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Dr. Mary Wakefield, director of the Center for Rural Health at UND, was named by President Obama today to be the administrator of the Health Resources and Services Administration. photo by Eric Hylden/Grand Forks Herald

Obama picks UND official for key health care job

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The Obama administration has picked one of UND's own to join its health care team.

Now the head of the Center for Rural Health, Mary K. Wakefield will start a new job March 10 as the head of the Health Resource and Services Administration.

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The $6.85 billion agency is charged with ensuring all Americans have access to some form of health care, particularly the poor, children and pregnant women. It also ensures rural residents have access to quality health care.

"Even in the best of times, these programs were important; now, they're critical," Wakefield said, explaining how excited she is to get the job.

Her first priority, she said, is to disperse the additional $2 billion HRSA will get as part of the economic stimulus package. The second priority, she said, is to help the administration with health care reform.

"I'll be at Warp 7," she said. "I'm not sure my feet will touch the ground."

Wakefield will not have to wait for Senate confirmation because the president can appoint the head of the HRSA directly. She'll report directly to the secretary of health and human services, whoever that person maybe.

Staying in touch

Friday, when the administration officially announced her appointment, Wakefield spent a busy day fielding phone calls from friends, colleagues and national news outlets.

She'd known for a week and a half that she got the job, she said, but wasn't at liberty to say. For weeks before then, her name had been one of many considered for HRSA administrator, she said, explaining the rumors that have floated among some circles in town.

But Wakefield isn't saying farewell anytime soon.

She'll continue to maintain a residence in Grand Forks, where her husband works, and will commute back home as often as her job allows.

"Living in Grand Forks but working in Washington, D.C.," is how she described her plan.

Reaction

Those who have worked with Wakefield applauded her appointment.

"Her ability to shape important parts of health care policy as they affect rural communities -- she could not be in a better place," said Sharon Ericson, chief executive of Northwood, N.D., based Valley Community Health Centers.

The group, which runs a dental clinic in Grand Forks, is one of thousands of health centers nationwide funded by HRSA.

"I have had the pleasure of working with Dr. Wakefield for a number of years. I have no doubt that she will do a tremendous job leading HRSA," said Sen. Kent Conrad, D-N.D., an ally of the administration and Wakefield's former boss.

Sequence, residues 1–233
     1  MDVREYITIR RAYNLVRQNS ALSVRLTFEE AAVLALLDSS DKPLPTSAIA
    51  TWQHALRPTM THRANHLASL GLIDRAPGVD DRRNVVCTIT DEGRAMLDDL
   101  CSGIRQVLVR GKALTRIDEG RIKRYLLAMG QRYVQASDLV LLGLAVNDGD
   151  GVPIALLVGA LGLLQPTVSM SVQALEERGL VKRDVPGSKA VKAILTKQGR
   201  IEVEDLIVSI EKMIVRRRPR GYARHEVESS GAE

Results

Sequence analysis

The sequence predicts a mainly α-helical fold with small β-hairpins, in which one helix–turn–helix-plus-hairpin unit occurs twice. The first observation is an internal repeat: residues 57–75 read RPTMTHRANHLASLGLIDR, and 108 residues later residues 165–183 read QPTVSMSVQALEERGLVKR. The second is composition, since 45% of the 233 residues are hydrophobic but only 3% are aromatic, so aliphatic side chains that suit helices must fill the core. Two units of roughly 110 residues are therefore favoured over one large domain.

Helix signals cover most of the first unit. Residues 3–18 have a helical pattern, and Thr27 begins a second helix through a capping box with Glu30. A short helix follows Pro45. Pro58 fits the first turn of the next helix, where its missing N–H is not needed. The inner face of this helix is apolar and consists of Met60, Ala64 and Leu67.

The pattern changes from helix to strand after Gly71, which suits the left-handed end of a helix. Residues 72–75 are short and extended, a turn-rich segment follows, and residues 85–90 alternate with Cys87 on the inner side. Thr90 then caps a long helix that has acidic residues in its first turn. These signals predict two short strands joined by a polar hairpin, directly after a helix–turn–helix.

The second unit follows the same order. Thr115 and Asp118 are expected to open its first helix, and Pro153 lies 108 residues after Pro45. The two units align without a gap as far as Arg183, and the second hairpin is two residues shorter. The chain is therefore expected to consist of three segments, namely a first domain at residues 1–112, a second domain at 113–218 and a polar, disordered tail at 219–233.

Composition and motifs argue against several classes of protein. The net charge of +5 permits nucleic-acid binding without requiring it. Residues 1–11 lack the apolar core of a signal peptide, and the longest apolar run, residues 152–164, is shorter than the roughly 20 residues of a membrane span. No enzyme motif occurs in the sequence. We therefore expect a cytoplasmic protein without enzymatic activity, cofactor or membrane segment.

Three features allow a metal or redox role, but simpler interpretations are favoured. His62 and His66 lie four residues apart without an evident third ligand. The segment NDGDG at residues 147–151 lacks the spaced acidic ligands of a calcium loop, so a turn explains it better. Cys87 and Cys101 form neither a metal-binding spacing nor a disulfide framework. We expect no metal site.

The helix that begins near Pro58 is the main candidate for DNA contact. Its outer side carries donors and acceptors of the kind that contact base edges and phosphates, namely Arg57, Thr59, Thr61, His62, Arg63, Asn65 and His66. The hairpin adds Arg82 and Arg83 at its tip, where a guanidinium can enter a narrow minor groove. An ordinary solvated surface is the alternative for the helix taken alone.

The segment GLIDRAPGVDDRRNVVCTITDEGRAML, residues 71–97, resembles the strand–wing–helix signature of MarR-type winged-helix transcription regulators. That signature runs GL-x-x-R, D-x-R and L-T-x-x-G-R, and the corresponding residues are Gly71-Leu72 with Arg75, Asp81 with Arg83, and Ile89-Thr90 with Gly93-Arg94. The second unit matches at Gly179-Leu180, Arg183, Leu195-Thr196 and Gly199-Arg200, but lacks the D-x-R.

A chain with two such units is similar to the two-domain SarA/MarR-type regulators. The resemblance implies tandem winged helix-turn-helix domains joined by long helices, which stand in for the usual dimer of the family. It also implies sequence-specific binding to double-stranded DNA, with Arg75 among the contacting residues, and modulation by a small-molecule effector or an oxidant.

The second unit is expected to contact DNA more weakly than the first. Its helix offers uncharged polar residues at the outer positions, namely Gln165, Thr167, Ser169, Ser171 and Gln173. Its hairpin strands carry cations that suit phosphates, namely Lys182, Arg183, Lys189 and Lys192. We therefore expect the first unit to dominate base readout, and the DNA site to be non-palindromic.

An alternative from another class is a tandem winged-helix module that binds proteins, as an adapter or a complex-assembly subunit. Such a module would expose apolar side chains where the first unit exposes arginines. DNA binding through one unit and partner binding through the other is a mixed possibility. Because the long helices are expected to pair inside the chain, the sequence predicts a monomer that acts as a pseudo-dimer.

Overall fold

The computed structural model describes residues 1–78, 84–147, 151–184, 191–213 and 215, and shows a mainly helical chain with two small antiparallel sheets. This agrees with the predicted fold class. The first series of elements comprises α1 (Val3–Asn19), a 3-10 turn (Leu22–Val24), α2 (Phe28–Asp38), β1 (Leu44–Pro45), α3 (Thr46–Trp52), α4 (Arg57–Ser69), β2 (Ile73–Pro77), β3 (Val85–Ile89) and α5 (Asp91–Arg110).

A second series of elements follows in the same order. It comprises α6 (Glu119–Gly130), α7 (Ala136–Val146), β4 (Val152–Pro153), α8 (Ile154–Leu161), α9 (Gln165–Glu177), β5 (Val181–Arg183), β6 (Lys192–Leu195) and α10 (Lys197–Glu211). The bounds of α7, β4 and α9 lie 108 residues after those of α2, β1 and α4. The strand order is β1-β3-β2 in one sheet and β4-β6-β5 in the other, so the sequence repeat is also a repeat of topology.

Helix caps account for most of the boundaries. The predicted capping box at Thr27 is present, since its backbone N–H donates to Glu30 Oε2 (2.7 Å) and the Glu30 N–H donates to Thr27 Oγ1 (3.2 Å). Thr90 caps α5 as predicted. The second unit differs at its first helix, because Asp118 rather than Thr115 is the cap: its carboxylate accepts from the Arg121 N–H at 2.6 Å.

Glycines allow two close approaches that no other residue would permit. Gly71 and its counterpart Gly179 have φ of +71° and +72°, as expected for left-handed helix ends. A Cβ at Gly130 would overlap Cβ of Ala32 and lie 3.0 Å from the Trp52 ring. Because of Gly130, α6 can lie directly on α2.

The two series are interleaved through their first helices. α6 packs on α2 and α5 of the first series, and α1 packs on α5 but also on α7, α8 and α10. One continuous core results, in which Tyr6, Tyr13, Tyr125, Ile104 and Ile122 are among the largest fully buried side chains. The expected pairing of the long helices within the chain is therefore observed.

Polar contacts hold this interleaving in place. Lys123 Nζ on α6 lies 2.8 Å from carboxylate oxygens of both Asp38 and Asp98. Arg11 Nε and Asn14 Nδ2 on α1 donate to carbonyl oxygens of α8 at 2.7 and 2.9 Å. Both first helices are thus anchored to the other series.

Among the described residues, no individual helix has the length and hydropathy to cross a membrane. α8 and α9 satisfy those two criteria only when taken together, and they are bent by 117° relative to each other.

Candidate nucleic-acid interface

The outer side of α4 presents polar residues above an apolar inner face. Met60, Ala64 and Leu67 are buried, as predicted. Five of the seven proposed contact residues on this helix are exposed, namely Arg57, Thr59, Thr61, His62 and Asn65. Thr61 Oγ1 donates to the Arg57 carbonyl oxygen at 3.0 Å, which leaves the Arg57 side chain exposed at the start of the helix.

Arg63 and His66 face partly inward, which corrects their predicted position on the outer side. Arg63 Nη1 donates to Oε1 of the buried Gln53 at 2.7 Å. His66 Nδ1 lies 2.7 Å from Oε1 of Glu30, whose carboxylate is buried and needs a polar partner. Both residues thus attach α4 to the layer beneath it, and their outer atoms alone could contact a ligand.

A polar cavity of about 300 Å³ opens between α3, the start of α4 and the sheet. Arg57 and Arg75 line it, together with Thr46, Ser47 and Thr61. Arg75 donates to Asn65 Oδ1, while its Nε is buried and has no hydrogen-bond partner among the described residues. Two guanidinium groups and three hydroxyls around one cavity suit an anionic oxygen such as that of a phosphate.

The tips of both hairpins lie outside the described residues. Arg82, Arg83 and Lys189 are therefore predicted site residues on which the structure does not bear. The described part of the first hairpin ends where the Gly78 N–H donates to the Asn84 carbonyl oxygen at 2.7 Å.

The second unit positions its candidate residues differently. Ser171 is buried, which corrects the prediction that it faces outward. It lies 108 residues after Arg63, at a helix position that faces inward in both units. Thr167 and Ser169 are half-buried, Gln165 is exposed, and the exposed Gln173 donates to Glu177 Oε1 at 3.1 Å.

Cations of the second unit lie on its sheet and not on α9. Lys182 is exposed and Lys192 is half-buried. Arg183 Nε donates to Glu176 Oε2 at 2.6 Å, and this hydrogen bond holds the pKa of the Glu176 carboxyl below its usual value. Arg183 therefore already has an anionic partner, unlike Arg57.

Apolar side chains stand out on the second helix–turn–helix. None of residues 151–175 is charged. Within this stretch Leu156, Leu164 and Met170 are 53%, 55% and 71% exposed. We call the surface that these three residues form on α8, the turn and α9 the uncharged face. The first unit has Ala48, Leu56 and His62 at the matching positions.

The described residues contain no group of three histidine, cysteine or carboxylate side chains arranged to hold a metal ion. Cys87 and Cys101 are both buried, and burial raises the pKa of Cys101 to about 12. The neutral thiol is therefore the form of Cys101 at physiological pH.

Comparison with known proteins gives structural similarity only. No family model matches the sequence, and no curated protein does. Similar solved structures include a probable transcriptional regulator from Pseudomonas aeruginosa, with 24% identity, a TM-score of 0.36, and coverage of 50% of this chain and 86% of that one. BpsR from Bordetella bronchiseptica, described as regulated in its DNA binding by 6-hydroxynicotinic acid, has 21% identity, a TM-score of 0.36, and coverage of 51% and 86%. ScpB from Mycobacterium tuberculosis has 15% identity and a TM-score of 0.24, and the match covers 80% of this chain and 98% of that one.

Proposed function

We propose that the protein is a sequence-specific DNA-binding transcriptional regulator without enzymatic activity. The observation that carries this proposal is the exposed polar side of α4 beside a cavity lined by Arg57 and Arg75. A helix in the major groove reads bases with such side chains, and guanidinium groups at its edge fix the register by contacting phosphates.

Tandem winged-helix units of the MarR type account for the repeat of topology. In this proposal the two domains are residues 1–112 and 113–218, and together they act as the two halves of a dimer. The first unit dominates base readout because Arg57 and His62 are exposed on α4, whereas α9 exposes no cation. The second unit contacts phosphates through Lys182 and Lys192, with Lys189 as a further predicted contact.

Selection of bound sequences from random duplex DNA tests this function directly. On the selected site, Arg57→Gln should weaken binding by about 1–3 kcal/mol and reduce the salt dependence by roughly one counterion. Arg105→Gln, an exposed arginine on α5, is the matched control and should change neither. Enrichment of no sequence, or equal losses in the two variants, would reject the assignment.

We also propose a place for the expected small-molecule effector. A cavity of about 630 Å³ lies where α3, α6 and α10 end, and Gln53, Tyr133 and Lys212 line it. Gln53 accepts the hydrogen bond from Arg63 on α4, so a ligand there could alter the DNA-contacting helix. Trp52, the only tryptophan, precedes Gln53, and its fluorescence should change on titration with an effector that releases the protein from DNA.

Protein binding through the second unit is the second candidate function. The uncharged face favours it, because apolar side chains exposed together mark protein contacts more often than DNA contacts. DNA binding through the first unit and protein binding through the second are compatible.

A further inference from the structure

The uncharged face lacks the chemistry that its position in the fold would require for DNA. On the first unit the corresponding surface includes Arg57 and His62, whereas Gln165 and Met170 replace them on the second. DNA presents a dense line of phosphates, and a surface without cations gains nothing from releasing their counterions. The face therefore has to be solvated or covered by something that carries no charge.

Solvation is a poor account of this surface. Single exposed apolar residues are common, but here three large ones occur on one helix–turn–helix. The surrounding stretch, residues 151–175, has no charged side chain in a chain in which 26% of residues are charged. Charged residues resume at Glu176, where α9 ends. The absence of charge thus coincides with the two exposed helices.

At one time, Wakefield served as his chief of staff.

The Herald could not reach Wakefield's boss, Joshua Wynne, executive dean of UND's School of Medicine and Health Sciences. University President Robert Kelley is out of town.

Qualifications

As the director of the Center for Rural Health the past seven years, Wakefield's job has been to analyze and develop solutions to the challenges of providing health care in sparsely populated parts of the state and the country.

"There's no county in the state that we don't touch; not one," she said.

When Wakefield started in late 2001, the center employed seven and had a budget of a little more than $2 million. Today, it employs more than 40 and has a budget of $6.9 million.

But to leap from such an organization to a major federal agency with a budget in the billions takes a bit more.

Wakefield has long played a role on the national arena.

Her resume includes membership on the Department of Veterans Affairs' Special Medical Advisory Group, the Medicare Payment Advisory Committee, President Clinton's Advisory Commission on Consumer Protection and Quality in the Health Care Industry, among other positions.

Wakefield said her specialty may be rural health care but her work on national bodies has given her insight on urban issues. More Medicare payments go to urban areas, she said, than rural areas.

She's also served as chief of staff for two U.S. senators, Conrad and his predecessor, Sen. Quentin Burdick, D-N.D.

The local experience will play an important role, though, she said. "One of the things I'll bring to the agency is an on the ground sense of how (HRSA) programs work."

That is, having been on the receiving end of federal grants will inform how she works on giving out those grants.

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